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I am looking at buying a helmet meeting ASTM F 2040, CPSC and EN 1078 safty requirements. Are these reasonable standards and will they protect my head in an axcident?

Are these standards recognised in Canada? If I am involved in an accident and if I am wearing a helmet meeting these standards will I be found to be partially neglegent?

(These are the helmets I am considering).

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2  
Negligent of what? It's your own head. Many places in Canada don't require helmets, especially for adults. Which province do you live in. Helmet laws vary by province. –  Kibbee Dec 8 '11 at 17:41
    
See Also: bicycles.stackexchange.com/questions/995/… –  freiheit Dec 8 '11 at 18:17

2 Answers 2

Ontario specifically mentions the following standards on the MTO website.

Canadian Standard Association: CAN/CSA D113.2-M89
Snell Memorial Foundation: Snell B90, Snell B90S, or Snell N94
American National Standard Institute: ANSI Z90.4-1984
American Society For Testing and Materials: ASTMF1447-94
British Standards Institute: BS6863:1989
Standards Association of Australia: AS2063.2-1990

It doesn't appear as thou the standards you listed show up on that list.

The ASTM F2040 you listed is specifically for snow-sports, and would most likely not be "legal" for use as a bicycle helmet in many jurisdictions that require bicycle helmets. Although, as I mentioned in my comments, many places don't require a helmet at all. If you want to remain "legal" I would go for an approved bicycle helmet under the standard I listed (check your province's regulartions) and to with a skull cap to keep your head warm. I've been using something similar for the last few years and they work great. If there is no helmet requirement in you province, you can wear whatever you want on your head. Those snow sport helmets would probably be pretty safe. Although some say that bike helmets are better designed to slide across pavement in the event of an accident.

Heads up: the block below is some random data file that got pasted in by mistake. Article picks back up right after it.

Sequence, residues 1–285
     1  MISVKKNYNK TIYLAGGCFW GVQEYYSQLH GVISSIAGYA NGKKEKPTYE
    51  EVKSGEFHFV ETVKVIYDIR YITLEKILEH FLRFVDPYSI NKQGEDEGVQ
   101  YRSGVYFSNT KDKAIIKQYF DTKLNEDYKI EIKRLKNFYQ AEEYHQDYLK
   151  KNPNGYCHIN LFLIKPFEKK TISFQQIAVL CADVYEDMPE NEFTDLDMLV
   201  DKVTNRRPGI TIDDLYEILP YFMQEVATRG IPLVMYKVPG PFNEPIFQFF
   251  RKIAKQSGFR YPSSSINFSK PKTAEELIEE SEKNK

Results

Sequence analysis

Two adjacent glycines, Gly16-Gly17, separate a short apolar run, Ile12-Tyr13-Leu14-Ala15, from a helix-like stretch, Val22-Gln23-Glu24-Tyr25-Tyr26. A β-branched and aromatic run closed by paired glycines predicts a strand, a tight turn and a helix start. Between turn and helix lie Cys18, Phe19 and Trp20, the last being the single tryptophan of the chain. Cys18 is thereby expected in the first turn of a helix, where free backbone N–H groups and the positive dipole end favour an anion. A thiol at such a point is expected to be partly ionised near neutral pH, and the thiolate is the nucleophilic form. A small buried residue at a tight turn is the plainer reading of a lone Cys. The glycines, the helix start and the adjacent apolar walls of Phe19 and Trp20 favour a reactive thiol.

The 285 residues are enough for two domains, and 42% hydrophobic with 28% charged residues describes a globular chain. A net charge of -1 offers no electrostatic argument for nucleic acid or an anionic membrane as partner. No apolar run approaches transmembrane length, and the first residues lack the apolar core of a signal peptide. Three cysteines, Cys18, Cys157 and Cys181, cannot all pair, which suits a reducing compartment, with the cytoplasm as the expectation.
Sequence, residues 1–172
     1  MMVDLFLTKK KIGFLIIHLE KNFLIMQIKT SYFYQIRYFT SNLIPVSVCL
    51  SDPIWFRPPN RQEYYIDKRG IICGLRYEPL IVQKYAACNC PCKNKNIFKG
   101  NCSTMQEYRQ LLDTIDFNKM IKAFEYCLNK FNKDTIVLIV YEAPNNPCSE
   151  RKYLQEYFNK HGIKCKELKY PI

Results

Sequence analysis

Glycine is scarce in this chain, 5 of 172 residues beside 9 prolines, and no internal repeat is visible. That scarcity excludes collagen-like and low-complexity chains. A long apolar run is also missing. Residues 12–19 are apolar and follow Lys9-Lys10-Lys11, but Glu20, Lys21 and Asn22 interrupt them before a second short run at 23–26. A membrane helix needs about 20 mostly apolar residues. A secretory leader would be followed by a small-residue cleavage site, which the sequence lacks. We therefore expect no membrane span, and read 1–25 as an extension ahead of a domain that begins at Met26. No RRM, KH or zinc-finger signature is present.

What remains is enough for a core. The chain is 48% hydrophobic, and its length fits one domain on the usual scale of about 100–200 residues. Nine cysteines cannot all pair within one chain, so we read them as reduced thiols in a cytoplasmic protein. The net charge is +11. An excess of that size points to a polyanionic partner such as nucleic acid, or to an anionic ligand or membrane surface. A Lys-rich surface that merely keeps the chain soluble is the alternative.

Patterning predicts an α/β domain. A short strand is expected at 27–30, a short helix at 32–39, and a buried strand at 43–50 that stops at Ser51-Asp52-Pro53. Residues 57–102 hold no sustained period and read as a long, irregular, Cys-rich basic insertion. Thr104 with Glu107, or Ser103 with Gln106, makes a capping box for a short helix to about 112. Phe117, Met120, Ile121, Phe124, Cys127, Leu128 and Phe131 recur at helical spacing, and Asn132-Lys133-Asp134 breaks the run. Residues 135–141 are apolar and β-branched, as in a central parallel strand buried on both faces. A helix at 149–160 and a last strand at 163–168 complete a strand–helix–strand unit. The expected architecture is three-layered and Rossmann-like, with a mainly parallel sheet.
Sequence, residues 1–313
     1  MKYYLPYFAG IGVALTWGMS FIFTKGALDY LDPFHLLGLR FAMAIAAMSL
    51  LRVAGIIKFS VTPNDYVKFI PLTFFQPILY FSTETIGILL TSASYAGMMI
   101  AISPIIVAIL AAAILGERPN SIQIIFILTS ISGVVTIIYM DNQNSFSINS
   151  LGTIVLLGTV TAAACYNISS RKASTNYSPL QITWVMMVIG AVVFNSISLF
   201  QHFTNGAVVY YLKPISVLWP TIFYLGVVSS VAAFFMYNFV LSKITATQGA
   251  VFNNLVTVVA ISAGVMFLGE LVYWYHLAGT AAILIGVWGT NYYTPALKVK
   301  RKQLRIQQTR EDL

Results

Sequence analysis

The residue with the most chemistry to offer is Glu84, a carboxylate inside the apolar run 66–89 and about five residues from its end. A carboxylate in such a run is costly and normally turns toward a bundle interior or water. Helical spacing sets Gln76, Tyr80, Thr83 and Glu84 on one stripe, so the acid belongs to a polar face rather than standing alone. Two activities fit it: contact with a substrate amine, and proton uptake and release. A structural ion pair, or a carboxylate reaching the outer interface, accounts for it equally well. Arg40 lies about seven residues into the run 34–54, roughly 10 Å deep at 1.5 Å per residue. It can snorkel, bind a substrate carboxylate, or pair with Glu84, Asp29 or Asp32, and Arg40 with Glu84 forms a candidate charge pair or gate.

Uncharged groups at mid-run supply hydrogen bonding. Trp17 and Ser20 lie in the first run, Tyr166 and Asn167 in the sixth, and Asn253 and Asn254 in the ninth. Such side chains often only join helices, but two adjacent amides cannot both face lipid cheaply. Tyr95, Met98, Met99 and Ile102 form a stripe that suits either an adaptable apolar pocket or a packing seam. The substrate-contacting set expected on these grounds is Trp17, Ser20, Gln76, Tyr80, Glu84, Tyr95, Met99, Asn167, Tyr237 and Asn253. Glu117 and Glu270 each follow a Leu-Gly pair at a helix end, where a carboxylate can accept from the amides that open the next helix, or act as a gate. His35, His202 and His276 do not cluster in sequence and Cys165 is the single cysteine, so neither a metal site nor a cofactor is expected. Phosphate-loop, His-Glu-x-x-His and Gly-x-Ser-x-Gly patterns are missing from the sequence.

More Info

The EN 1078 standard is (according to wikipedia) identical to BS EN 1078:1997 standard which replaces British Standards Institute: BS6863:1989 which is the one listed on the MTO website. So it appears that this helmet is rated for cycling. However I'm guessing that the MTO website is out of date, since it references a standard which has been replaced.

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Those are reasonable standards that will protect your head in an accident. Comparable to the Snell B-90 standards. Snell B-95 standards is higher and would provide more protection.

ASTM F2040, for instance, is a "snow sports" helmet standard based on the same testing as the ASTM bicycle helmet standards with some additional cold-conditions tests added in.

Canada has its own bicycle helmet standard, CAN-CSA-D113.2-M.

You have to pay to get a copy of the actual standard, but this site has a nice comparison of helmet standards.

  • The Canadian and ASTM standards use similar flat and round anvils but ASTM has a curb/kerb anvil that the Canadian standard doesn't have. (ASTM is better here)
  • The Canadian standard has a more protective maximum acceleration

As far as the Canadian tort law part of your question, I don't think we can really answer that.

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